Provision may be made, advantageously, for the light waveguides to be made of flexible light-conducting fibers, preferably single-mode glass fibers which are spatially fixed by a holder or the like at least at the ends facing the ambient medium. But it is just as possible and advantageous for the light waveguides to be waveguides (paths) integrated in a carrier (substrate), which end at spaced points at the edge of the carrier, adjacent to the ambient medium. In order to introduce a path difference between the light waves from the individual ends of the optical fibers making it easier to detect interference, it is favorable if the ends of the optical fibers are basically parallel and end at spaced locations, as seen in the longitudinal direction of the fiber. With integrated waveguide paths, provision can also be made, for the same purpose, for the waveguides (paths) to reach the edge of the carrier at an angle differing from 90°, wherein the ends of the waveguide lie in a plane with the lateral face of the carrier.
To achieve this precision, the relative arrangement of point light sources and photo-detector units itself and keeping this relative arrangement constant are of decisive importance. This can be achieved by a relatively simple spacer, which has the photo-detector units on one side and is connected to a holder of the fiberglass ends or the carrier substrate with integrated waveguide paths on the other side, for example. A spacer ring surrounding the space in which the interference occurs appears to be particularly stable. The combination of holder and spacer as wavelength reference is designed with appropriate openings so that the ambient medium can flow in and out in of the space.
Other advantages and details of the invention will be explained in greater detail in the following description of the figures.
FIGS. 1, 2 and 5 show schematic drawings of interferometers with examples of embodiments of a device for wavelength stabilization according to the invention, and
FIGS. 3 and 4 schematically show other versions of the device according to the invention.
FIG. 1 shows a schematic arrangement of a wavelength-stabilized length measurement interferometer, built with fiberglass technology. The laser diode radiates, e.g. via coupling lenses, which are not shown, into the single-mode fibers 2,3,4 and 5. The fiber 2 conducts the measurement beam via object 9 to the measuring section in the ambient medium (air). The triple mirror 11, as a moving measuring prism, deflects and the lens 10 couples the light beam into the fiber 6. The reference beam conducted in the reference fiber 5 and the measuring beam conducted in the fiber 6 generate spatial interference at the output of the fibers which is detected by the measuring photo detectors 12 to measure the length.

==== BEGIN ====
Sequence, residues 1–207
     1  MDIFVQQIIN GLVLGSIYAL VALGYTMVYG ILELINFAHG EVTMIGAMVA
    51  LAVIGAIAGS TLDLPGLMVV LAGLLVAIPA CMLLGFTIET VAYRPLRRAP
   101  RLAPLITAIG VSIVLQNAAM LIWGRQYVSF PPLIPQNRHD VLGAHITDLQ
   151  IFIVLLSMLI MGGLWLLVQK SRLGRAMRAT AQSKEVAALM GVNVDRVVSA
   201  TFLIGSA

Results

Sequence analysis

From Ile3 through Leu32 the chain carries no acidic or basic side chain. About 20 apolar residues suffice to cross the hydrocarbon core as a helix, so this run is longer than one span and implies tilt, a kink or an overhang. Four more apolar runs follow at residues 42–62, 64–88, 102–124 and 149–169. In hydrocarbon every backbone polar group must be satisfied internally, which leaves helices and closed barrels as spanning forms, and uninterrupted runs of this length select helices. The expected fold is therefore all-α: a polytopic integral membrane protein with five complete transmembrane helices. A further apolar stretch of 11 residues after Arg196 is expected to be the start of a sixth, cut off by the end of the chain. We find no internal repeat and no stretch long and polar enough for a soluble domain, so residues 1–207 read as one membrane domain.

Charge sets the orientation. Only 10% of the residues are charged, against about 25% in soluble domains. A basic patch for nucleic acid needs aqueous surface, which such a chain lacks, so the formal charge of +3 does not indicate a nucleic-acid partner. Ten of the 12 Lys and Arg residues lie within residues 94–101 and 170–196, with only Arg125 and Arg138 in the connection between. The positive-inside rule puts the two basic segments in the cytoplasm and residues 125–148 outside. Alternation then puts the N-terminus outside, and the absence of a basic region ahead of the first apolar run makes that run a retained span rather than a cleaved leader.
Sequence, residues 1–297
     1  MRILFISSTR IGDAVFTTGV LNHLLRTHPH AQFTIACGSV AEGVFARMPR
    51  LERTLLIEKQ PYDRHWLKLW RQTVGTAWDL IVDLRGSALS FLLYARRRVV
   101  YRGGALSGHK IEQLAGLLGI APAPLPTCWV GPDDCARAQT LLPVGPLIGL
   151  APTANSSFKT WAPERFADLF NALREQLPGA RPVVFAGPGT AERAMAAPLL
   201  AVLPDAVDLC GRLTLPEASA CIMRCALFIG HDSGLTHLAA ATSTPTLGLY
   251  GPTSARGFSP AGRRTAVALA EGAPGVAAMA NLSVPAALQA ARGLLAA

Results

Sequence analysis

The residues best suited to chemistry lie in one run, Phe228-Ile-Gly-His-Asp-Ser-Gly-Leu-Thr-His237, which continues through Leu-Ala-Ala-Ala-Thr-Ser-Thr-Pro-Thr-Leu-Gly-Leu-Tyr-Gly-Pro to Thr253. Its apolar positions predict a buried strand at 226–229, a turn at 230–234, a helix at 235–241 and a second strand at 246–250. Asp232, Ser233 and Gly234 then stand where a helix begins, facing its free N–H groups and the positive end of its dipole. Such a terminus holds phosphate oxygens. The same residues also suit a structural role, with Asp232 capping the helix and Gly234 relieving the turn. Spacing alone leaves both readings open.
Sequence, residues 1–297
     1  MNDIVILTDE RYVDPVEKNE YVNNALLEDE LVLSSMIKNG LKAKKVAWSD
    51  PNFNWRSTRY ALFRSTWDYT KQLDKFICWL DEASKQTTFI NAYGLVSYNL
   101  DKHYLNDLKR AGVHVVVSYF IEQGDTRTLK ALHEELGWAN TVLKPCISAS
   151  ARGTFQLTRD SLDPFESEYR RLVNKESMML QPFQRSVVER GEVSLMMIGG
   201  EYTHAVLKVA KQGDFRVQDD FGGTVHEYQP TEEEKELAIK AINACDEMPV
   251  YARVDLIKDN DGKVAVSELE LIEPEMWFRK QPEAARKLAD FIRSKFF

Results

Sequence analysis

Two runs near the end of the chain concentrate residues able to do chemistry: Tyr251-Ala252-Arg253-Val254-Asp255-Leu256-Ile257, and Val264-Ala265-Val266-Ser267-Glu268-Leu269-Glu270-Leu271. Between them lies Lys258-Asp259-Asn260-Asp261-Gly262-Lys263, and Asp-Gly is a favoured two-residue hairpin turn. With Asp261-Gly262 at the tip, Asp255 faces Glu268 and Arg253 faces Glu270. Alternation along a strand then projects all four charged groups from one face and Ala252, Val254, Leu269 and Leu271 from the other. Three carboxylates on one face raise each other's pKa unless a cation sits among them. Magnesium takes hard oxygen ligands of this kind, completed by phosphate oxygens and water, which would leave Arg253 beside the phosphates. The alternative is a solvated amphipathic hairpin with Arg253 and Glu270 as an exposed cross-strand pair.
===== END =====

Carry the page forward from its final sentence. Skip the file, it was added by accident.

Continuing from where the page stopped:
The device according to the invention for stabilizing the wavelength in the gaseous ambient medium (air) of the light emitted by the laser diode 1 has two optical fibers 3 and 4 (preferably single-mode glass fibers) that conduct the light from the laser diode 1 and whose ends 3a and 4a from spaced, basically point light sources. From the end 3a and 4a of both optical fibers, which are held in a holder 15, two radiation cones emerge that overlap one another in the ambient medium and thus cause interference. The spacer ring 7 of glass ceramic or quartz glass holding both photo detector units 8a and 8b has permeation openings which permit air to penetrate into the ring enclosed by the spacer ring 7. The spacer ring 7 is firmly attached to the holder 15 and may be adhered, for example. Both adjacent photo-detector units 8a and 8b can be arranged at favorable locations at a given fixed distance from the locations of emergence 3a and 4a from the optical fibers 3 and 4. The signal coming from the photodetector units 8a and 8b is fed to a control device 13, which consists of a comparator in the simplest case. The output of the control unit 13 is connected to the current source 14 powered by the laser diode and controls the injection current of the laser diode and thus the emission frequency of the laser diode in such a way that when there are changes in the refraction index of the ambient medium, the detected interference and thus the light wavelength remain constant. Of course, other control parameters that influence the frequency of the laser diode 1, for example, its temperature, can be controlled by the control device 13. It is also possible to use other laser light sources that can be tuned with respect to the frequency.